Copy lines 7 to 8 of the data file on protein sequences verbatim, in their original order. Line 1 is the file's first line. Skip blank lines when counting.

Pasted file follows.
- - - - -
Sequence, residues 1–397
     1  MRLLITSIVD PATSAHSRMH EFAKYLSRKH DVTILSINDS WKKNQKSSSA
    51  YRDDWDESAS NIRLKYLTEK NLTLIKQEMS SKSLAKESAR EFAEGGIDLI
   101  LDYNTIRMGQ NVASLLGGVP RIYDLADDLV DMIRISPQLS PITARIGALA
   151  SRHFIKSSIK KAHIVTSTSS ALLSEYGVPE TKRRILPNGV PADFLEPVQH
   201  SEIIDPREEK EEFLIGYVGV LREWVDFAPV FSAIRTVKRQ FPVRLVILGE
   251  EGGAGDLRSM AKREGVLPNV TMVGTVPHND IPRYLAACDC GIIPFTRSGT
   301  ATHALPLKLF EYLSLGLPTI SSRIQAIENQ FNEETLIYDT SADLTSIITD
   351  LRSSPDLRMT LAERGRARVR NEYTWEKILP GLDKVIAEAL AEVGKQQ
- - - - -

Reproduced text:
   251  EGGAGDLRSM AKREGVLPNV TMVGTVPHND IPRYLAACDC GIIPFTRSGT
   301  ATHALPLKLF EYLSLGLPTI SSRIQAIENQ FNEETLIYDT SADLTSIITD